High-dose antipsychotic(s) can induce dopamine supersensitivity psychosis in schizophrenia patients. The precise relationship between a drug’s blood concentration and the occurrence of dopamine supersensitivity psychosis has not been established. We divided 36 patients with schizophrenia who had undergone treatment mainly with risperidone into two groups: one with normal metabolizing activity of CYP2D6 (n = 15), and the other with lower activity of its variant, CYP2D6*10 (n = 21). The patients’ blood concentrations of risperidone and 9-OH-risperidone were measured, and we compared the occurrence of dopamine supersensitivity psychosis episodes between the groups. There was no significant difference in any concentration of risperidone, 9-OH-risperidone, or active moiety between the groups although the with-CYP2D6*10 group had greater variabilities of these parameters compared to the without-CYP2D6*10 group. There was a lower rate of dopamine supersensitivity psychosis episodes in the without-CYP2D6*10 group (4/15, 26.7%) compared to the with-CYP2D6*10 group (11/21, 52.4%), but the difference was not significant. Although our findings were negative, largely because of the small sample size, these results suggest that (1) patients with an impaired functional allele of CYP2D6 may have higher concentrations of risperidone and its active metabolite and that (2) these patients may experience more frequent dopamine supersensitivity psychosis episodes.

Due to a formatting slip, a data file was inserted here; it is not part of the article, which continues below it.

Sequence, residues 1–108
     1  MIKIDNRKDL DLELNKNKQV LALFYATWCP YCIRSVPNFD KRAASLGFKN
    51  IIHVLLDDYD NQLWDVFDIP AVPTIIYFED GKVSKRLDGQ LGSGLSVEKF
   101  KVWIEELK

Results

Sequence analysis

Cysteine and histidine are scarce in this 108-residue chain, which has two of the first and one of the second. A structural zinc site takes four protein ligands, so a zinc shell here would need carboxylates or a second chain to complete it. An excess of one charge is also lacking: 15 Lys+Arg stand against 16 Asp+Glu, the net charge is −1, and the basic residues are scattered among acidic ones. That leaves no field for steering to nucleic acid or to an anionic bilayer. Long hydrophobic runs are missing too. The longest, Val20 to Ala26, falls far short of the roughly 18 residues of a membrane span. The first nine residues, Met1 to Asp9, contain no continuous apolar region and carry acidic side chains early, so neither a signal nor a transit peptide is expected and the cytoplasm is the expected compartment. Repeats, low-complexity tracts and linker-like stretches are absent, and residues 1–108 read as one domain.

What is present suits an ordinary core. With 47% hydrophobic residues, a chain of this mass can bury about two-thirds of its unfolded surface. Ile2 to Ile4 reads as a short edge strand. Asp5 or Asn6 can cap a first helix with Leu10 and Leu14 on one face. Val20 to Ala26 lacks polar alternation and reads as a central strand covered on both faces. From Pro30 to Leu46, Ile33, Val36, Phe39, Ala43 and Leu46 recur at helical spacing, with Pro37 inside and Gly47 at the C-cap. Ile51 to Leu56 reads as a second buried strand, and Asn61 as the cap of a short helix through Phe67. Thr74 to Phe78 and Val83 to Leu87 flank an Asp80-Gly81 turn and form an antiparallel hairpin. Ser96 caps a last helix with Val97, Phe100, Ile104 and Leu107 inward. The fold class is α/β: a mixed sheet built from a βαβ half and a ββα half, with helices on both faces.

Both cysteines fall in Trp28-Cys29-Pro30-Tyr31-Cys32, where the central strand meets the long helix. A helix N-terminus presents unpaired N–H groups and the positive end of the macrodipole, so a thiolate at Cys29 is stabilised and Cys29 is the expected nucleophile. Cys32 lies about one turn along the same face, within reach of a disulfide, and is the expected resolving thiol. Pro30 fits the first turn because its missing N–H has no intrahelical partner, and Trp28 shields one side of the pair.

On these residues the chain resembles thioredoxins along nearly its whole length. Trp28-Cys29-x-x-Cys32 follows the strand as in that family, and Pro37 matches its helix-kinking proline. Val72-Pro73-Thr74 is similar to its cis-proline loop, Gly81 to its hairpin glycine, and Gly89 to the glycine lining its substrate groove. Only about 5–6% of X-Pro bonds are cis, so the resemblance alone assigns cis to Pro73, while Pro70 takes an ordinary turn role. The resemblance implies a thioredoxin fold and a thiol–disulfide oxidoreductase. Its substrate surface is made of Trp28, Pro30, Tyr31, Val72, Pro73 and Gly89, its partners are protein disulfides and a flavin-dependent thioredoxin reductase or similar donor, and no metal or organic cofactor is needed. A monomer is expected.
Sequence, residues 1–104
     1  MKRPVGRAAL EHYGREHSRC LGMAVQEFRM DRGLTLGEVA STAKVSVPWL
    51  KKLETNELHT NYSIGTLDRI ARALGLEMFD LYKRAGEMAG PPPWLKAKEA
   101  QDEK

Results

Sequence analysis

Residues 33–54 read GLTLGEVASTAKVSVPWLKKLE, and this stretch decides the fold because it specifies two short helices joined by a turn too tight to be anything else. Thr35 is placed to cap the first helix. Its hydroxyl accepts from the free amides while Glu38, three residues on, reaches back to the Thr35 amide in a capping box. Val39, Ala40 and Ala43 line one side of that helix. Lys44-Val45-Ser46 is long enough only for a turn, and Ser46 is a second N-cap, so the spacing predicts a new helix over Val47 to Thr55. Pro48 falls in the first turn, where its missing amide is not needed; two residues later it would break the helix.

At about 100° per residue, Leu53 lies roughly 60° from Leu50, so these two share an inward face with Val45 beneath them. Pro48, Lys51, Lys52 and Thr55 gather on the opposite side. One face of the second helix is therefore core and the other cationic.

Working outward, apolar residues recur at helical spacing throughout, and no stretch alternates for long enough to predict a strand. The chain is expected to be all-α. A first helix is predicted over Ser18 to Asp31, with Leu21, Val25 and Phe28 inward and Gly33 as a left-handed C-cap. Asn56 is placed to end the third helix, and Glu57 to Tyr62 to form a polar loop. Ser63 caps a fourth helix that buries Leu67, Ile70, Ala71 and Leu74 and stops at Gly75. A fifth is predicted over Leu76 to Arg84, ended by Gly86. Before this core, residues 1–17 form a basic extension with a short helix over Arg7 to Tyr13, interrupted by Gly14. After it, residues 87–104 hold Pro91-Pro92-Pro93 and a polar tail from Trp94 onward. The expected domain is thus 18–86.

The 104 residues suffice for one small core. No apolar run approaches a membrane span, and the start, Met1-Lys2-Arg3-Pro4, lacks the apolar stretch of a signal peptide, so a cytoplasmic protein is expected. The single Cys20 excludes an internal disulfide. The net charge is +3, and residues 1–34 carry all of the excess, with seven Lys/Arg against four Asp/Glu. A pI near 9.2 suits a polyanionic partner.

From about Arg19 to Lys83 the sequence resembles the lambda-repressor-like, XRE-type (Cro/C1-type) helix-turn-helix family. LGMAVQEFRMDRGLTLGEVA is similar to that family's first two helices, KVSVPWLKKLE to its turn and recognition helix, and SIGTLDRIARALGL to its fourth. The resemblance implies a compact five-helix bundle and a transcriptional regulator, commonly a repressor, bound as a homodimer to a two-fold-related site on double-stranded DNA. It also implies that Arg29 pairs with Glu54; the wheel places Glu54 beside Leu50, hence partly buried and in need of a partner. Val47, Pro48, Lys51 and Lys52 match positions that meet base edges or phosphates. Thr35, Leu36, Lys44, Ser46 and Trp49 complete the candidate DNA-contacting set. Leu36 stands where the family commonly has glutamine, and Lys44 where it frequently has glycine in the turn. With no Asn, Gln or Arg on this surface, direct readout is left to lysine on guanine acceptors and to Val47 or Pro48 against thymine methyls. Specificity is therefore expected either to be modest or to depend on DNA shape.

aDivision of Medical Treatment and Rehabilitation, Center for Forensic Mental Health, Chiba University
bDepartment of Psychiatry, Chiba University Graduate School of Medicine
cHealth Care Management Center, Chiba University Hospital
dDepartment of psychiatry, Shoushin-kai Mobara Shinkei-ka Hospital
eDepartment of psychiatry, Shouhaku-kai Fujita Hospital, Chiba, Japan
Received 3 November 2018 Accepted 26 February 2019
Correspondence to Dr Nobuhisa Kanahara, Division of Medical Treatment and Rehabilitation, Chiba University Center for Forensic Mental Health, 1-8-1 Inohana, Chuou-ku, Chiba-shi, Chiba 260–8670, Japan, Tel: +81-43-226-2148; fax: +81-43-226-2150; e-mail: firstname.lastname@example.org